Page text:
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I am new to measure theory. I have good grasp on statistics and probability concepts, and not I am trying to learn it from the measure theory perspective.

I encountered Borel Sets. The definition (taken from wikipedia) is as follows,

Borel set is any set in a topological space that can be formed from open sets (or, equivalently, from closed sets) through the operations of countable union, countable intersection, and relative complement.

Now, what I don't understand is, why we have a different definition, instead of just calling these sets as subsets of $\mathbb{R}$. For example, Say I have two sets, $(- \infty,b] , [b,\infty)$. Then by $(-\infty,b]\cap [b,\infty)$ we have ${b}$. Then by, $(-\infty,b]\cap \{b\}^c$ we have $(-\infty,b)$ and so on.

The point I am making here is, with enough open interval and closed interval subsets, we can achieve any subsets on the Real Numbers. So why even bother with the definition? Is there any advantage of having Borel sets be defined in such a way, instead of just calling those subsets of $\mathbb{R}$ ?

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    $\begingroup$ When I was at your level of understanding in measure theory I would probably not have understood any of the highly sophisticated answers you got. So feel free to ask for clarifications if needed! $\endgroup$
    – Ruy
    Commented Jul 18, 2022 at 17:32
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    $\begingroup$ Ruy , thanks for that. But I think I understood most of the answers. Basically I was also thinking the same that, we are using borel sets because sone subsets of R is not Borel. And that is Vitali sets. So that clears up $\endgroup$ Commented Jul 19, 2022 at 5:35

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You write:

"The point I am making here is, with enough open interval and closed interval subsets, we can achieve any subsets on the Real Numbers."

This is wrong! It is true that "nicely-describable" sets of reals tend to be Borel, but it is definitely not true that all sets of reals are Borel. The easiest way to prove this is just by a counting argument: there are $2^{\aleph_0}$-many Borel sets but $2^{2^{\aleph_0}}$-many sets of real numbers in general, so "most" sets are non-Borel. With more care we can produce concrete (i.e. non-Vitali) examples of non-Borel sets, such as Lusin's original example or a combinatorial one due to Schmerl after some easy rephrasing to "put it in $\mathbb{R}$," but I recommend starting by understanding the counting argument mentioned above.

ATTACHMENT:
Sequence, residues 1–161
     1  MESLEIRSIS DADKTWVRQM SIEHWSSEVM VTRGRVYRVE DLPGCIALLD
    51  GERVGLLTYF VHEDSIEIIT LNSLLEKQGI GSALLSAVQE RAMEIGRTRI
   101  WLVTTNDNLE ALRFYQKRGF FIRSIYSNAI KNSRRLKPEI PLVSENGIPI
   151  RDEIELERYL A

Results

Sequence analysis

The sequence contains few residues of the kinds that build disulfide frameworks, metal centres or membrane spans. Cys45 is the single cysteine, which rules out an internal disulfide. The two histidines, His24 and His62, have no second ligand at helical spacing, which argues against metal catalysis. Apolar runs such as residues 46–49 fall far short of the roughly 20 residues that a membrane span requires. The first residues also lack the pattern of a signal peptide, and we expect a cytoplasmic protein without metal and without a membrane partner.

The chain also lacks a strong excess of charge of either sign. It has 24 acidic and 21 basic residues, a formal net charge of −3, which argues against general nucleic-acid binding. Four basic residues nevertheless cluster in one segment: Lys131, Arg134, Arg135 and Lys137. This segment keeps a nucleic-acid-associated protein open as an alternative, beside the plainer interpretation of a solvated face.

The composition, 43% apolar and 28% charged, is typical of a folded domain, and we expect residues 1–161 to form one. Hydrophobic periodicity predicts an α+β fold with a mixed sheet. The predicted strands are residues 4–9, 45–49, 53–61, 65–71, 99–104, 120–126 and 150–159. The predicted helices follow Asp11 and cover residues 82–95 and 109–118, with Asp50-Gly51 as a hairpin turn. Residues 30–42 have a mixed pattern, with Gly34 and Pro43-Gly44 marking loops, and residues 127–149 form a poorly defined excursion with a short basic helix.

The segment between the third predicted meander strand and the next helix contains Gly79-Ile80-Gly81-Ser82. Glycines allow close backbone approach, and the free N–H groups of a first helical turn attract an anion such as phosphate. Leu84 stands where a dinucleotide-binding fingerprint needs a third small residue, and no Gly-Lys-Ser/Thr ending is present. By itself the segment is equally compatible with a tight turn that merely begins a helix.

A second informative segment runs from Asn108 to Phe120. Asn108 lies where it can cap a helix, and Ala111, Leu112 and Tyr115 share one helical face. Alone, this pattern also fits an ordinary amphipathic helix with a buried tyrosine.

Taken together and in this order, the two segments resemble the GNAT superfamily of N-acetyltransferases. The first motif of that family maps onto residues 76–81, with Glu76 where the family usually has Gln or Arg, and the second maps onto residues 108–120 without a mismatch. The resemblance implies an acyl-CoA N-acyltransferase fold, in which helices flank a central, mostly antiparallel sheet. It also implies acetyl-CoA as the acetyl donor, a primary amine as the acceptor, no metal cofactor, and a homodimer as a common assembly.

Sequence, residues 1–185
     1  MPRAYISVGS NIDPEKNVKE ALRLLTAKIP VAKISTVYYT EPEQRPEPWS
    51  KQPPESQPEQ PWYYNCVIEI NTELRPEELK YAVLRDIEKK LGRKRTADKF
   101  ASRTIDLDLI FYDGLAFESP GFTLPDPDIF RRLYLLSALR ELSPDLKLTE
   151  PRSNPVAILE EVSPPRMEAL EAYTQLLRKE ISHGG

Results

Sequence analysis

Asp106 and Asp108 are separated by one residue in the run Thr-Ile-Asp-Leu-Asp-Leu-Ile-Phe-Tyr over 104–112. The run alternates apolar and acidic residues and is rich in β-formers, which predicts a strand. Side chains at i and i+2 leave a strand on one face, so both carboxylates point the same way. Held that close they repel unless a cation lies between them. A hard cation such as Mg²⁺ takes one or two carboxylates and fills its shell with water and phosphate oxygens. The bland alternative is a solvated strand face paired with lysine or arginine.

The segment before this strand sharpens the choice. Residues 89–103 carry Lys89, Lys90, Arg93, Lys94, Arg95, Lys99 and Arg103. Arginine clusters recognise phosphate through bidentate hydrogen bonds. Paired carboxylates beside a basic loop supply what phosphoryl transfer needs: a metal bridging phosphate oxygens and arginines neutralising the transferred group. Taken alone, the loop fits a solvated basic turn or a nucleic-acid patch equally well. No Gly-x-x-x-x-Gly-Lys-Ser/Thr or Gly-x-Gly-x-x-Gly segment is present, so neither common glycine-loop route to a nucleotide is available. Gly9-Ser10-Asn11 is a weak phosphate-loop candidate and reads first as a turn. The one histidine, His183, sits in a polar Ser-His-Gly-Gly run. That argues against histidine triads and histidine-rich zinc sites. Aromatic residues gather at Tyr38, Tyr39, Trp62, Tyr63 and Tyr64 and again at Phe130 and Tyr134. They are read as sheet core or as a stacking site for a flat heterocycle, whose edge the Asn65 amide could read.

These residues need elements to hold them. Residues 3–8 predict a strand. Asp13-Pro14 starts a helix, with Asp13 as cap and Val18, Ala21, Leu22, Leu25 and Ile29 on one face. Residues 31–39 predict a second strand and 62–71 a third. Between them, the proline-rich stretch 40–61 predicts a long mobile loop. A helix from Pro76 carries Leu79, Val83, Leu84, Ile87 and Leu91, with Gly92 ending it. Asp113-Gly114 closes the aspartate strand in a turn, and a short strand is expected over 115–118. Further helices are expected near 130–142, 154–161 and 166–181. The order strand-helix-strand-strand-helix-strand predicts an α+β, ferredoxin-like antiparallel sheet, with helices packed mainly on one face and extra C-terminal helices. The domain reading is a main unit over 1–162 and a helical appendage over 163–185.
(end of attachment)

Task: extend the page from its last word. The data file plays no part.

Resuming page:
There's an interesting technical subtlety here. It's consistent with $\mathsf{ZF}$ (= set theory without the axiom of choice) that $\mathbb{R}$ is a countable union of countable sets - while of course $\mathsf{ZF}$ proves that $\mathbb{R}$ is uncountable, $\mathsf{ZF}$ does not prove that a countable union of countable sets is countable! - and it follows easily from this that the smallest $\sigma$-algebra containing the open sets is $\mathcal{P}(\mathbb{R})$. But above, I said there were examples of concrete non-Borel sets, and concrete examples shouldn't require the axiom of choice. So, what gives?

The issue is that if we drop choice, we have to be very careful about what "Borel set" means. The "from-above" definition ("element of the smallest $\sigma$-algebra containing all open sets") and "from-below" definition ("having a Borel code") no longer coincide. See this old post of mine for some details.

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  • $\begingroup$ "It's consistent with ZF [...] that $\mathbb{R}$ is a countable union of countable sets" So $\mathbb{R}$ is countable under ZF alone? I don't really know what the Zermelo Frenkel axioms are because my understanding of set theory is rather rudimentary, so this is weird. $\endgroup$
    – Caio Lins
    Commented Jul 18, 2022 at 13:48
  • $\begingroup$ @CaioLins While $\mathbb{R}$ is provably uncountable in $\mathsf{ZF}$, what $\mathsf{ZF}$ cannot prove is that a countable union of countable sets is countable! See e.g. the discussion here. $\endgroup$ Commented Jul 18, 2022 at 13:52
  • $\begingroup$ Well that's very surprising! Thanks for the answers. $\endgroup$
    – Caio Lins
    Commented Jul 18, 2022 at 13:53
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Take a look at Vitali Sets. In short, we can't consistently define the Lebesgue measure (which assings intervals to their lengths, i.e. $(a, b] \mapsto b - a$) on all the subsets of $\mathbb{R}$, so we restrain ourselves to a class of subsets where it can be done. This class, the Borel sets, is not the biggest one where this is possible (take a look at this extension theorem to see how to extend this notion of length to a larger class of subsets of $\mathbb{R}$), but it is big enough to contain all sets that are of interest, usually.

And this definition of Borel sets that you presented, as far as I know, is not the standard one. The class of (real) Borel sets is usually defined as the smallest $\sigma$-algebra which contains all open sets of $\mathbb{R}$.

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  • $\begingroup$ Note that we don't even need Vitali sets to get non-Borel sets - there are concrete examples of non-Borel sets! (See my answer.) $\endgroup$ Commented Jul 18, 2022 at 13:03